I love Norway. I fell in love with this Nordic country over 10 years ago when I first visited it. I’ve been back a couple of times since then and I would go back a hundred times over.
Last summer I spent a long weekend in the Stavanger region of Rogaland. It’s a beautiful town surrounded by jaw-dropping fjords and mountains. Despite is reputation as the oil capital of Norway, Stavanger has a lot to offer tourists. From iconic hikes and fjords to a stroll around the charming harbour, there are so many things to do in Stavanger, and I feel as I’ve only scratched the surface.
Here are the best things to do in Stavanger and beyond.
I’m sure you’ve seen the iconic photo of a boulder wedged between a cliff. That’s the Kjeragbolten and it’s not for the fainthearted. Just getting to Kjeragbolten is an adventure on its own. It’s a very scenic drive from Sandnes (that’s a small town near Stavanger where we stayed).
You can read more about my hike to Kjeragbolten here, but for now, here are some facts.
– The best time to visit is from mid-June to mid-September
– You can either hire a car and drive or take a coach from Stavanger city centre
– The hike will take roughly 5-6 hours depending on your fitness level
– Bring a good sunscreen, a water bottle, packed lunch and snacks
My favourite part of exploring Stavanger was by walking through what the local’s call Gamle Stavanger, which means ‘Old Stavanger’. This is a historic area of the city with cobblestone streets lined up with rows of white wooden houses. In total, there are more than 170 wooden homes dating back to the 18th century.
While you’re in Gamle Stavanger area, check out the Norwegian Canning Museum. It is a very popular tourist attraction in Stavanger. I’m not going to lie, I was in and out in about 10 mins – but if you’re into these type of quirky museums you can spend some quality time there, and learn some interesting facts.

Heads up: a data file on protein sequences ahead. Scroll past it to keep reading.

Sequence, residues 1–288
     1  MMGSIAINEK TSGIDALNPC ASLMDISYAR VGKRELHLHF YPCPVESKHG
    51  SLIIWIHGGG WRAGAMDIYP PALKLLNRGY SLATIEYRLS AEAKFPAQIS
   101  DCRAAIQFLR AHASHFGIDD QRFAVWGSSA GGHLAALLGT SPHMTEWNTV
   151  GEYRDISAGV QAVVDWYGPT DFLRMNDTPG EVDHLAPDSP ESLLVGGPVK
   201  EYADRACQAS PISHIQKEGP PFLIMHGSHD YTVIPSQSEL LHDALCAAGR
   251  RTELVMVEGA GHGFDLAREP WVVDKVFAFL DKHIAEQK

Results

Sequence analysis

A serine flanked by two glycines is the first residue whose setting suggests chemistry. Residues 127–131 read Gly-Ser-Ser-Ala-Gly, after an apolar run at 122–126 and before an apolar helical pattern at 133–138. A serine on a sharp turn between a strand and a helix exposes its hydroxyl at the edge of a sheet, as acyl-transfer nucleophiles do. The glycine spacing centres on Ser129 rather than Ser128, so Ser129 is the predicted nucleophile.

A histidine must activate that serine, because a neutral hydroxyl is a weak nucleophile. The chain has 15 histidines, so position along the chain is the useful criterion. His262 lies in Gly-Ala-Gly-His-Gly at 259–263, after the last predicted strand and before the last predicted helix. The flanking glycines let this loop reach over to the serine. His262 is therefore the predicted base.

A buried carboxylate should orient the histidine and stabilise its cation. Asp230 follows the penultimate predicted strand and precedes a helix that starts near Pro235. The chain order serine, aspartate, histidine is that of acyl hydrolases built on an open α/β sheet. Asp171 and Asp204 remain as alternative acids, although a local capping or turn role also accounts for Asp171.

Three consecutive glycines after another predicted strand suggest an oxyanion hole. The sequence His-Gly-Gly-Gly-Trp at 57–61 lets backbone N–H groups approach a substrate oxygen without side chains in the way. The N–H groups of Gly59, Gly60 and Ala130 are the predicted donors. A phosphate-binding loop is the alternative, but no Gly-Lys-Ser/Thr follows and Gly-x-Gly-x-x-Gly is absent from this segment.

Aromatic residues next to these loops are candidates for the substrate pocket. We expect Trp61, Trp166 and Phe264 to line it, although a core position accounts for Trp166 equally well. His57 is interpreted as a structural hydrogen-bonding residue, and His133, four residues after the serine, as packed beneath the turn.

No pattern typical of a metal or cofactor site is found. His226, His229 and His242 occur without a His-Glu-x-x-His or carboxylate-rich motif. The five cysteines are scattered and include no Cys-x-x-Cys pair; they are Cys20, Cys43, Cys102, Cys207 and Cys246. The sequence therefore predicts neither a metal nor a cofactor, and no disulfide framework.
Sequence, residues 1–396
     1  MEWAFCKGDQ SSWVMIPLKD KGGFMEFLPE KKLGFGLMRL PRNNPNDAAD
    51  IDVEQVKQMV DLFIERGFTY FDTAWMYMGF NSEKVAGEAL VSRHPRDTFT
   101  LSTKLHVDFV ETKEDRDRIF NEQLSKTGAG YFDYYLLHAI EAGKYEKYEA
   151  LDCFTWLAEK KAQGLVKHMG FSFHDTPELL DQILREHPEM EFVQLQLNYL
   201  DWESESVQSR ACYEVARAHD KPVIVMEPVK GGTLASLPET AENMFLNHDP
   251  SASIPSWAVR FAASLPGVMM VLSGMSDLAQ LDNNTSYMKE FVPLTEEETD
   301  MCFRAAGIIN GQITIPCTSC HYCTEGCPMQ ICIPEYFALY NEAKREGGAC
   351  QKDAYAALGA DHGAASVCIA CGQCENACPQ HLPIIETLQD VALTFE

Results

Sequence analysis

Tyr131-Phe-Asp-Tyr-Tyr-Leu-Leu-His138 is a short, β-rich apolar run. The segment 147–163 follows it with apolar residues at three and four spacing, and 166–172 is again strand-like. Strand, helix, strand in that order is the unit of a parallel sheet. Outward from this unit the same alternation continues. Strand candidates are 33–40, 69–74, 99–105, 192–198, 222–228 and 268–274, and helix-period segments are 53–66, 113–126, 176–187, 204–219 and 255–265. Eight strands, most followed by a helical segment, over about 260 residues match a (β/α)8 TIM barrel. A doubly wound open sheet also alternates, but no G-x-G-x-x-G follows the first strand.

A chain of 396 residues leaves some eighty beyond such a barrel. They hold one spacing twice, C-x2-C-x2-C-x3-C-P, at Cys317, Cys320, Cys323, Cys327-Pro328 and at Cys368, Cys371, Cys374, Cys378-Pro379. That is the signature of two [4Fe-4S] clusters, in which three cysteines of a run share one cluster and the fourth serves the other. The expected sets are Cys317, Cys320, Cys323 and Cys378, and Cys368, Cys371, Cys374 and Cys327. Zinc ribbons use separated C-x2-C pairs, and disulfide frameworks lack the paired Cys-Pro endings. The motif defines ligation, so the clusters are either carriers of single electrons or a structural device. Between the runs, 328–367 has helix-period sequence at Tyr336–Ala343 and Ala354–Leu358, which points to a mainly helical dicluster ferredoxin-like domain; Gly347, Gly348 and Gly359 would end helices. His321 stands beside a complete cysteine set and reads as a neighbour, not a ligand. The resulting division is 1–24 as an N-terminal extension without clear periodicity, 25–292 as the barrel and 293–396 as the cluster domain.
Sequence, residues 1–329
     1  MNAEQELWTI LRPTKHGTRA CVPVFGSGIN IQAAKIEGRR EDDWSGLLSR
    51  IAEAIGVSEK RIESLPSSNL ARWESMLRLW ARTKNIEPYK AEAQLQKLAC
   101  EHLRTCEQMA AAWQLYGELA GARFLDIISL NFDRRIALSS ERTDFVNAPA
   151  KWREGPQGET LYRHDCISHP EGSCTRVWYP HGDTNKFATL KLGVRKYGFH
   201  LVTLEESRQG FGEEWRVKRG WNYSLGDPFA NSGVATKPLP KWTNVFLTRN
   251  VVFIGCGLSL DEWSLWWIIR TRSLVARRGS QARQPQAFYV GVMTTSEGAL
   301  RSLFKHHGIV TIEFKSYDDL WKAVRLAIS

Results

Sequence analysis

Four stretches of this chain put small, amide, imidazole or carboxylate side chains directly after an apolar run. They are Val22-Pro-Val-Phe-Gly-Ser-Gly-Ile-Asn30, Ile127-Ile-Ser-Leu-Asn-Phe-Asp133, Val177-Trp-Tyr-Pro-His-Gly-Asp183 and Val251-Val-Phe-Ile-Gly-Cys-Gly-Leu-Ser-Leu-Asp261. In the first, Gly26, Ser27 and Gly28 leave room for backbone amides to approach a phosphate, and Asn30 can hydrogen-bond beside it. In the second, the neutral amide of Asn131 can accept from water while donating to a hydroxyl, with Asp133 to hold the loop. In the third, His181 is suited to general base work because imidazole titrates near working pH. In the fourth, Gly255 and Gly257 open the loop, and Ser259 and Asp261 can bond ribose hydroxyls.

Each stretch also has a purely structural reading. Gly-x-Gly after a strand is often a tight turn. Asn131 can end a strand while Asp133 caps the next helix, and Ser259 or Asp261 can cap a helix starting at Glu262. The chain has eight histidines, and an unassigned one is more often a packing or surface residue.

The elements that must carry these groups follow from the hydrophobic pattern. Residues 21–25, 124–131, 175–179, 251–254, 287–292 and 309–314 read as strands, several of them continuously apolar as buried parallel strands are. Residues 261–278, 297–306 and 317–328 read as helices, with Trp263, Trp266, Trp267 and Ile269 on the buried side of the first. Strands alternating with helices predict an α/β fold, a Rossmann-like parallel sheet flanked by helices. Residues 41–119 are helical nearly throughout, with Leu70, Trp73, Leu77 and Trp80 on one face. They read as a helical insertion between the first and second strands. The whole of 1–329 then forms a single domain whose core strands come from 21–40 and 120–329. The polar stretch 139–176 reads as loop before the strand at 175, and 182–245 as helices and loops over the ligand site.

The city centre of Stavanger is quite compact, which makes it easy to reach most attractions on foot. Stavanger Cathedral (Stavanger Domkirke) is the oldest cathedral in Norway, built in the year 1125. Therefore, it’s one of the must-see Stavanger attractions and a truly stunning work of architecture.
If you’re a fan of street art, Stavanger is the place to be. There are lots of street art dotted around the city and you could easily spend a day checking them out – it’s very Instagram friendly 🙂
Yearly Nuart Festival happening in Stavanger always guarantees more street art showcases too.
Øvre Holmegate – is Norway’s answer to London’s Notting Hill. Located in the centre, just east of the Stavanger harbour, Øvre Holmegate is possibly the most colourful street in Norway, packed with shops and restaurants.
You can’t visit Norway and not learn about the Vikings. Stavanger’s Museum of Archaeology is where you can get your Viking fix.
Sverd i fjell (Swords in rock) is three tall swords planted in the rocky ground to commemorate the Battle of Hafrsfjord in the year 872. The three unique crowns topping each sword represent the three districts of Norway that were united under the crown of Harald Hårfagre.
The Stavanger area has lovely beaches. There are long sandy beaches, cosy pebble beaches, beaches with calm water for bathing and others with surf waves. We visited Ogna beach, which is a nice sandy beach to relax and take in some ocean breeze.
Preikestolen (the Pulpit Rock), the most famous tourist attraction in Ryfylke, towers an impressive 604 metres over the Lysefjord. I cannot wait to hike it next time I’m in Norway!
If you don’t like climbing, you can take Lysefjord cruise from Stavanger harbour in the city centre and enjoy spectacular scenery and see the Pulpit Rock from below. This 3-hour cruise costs about £40.
I came across this cruise late in the afternoon and due to my flight leaving in a few hours, I didn’t have enough time to do it. Next time!
If you’re planning to explore Norway sometime soon, here are a few of the best travel guides to Scandinavia and Norway:
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